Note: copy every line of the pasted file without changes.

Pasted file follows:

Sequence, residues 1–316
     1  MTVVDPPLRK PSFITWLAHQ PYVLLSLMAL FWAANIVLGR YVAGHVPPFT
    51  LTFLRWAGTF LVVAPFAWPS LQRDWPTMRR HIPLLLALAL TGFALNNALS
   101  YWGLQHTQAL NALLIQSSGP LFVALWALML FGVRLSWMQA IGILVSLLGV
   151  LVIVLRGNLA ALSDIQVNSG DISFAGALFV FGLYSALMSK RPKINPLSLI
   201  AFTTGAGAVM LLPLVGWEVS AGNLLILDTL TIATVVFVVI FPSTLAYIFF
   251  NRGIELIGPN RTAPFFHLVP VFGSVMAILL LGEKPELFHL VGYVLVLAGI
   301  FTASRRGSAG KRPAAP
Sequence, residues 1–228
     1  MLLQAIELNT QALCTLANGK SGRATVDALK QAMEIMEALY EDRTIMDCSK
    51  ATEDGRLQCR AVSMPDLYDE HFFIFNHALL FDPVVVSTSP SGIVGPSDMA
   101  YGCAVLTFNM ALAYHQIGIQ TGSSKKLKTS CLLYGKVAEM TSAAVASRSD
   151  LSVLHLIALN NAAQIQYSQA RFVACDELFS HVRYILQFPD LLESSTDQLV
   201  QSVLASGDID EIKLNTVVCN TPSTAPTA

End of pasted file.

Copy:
Sequence, residues 1–316
     1  MTVVDPPLRK PSFITWLAHQ PYVLLSLMAL FWAANIVLGR YVAGHVPPFT
    51  LTFLRWAGTF LVVAPFAWPS LQRDWPTMRR HIPLLLALAL TGFALNNALS
   101  YWGLQHTQAL NALLIQSSGP LFVALWALML FGVRLSWMQA IGILVSLLGV
   151  LVIVLRGNLA ALSDIQVNSG DISFAGALFV FGLYSALMSK RPKINPLSLI
   201  AFTTGAGAVM LLPLVGWEVS AGNLLILDTL TIATVVFVVI FPSTLAYIFF
   251  NRGIELIGPN RTAPFFHLVP VFGSVMAILL LGEKPELFHL VGYVLVLAGI
   301  FTASRRGSAG KRPAAP
Sequence, residues 1–228
     1  MLLQAIELNT QALCTLANGK SGRATVDALK QAMEIMEALY EDRTIMDCSK
    51  ATEDGRLQCR AVSMPDLYDE HFFIFNHALL FDPVVVSTSP SGIVGPSDMA
   101  YGCAVLTFNM ALAYHQIGIQ TGSSKKLKTS CLLYGKVAEM TSAAVASRSD
   151  LSVLHLIALN NAAQIQYSQA RFVACDELFS HVRYILQFPD LLESSTDQLV
   201  QSVLASGDID EIKLNTVVCN TPSTAPTA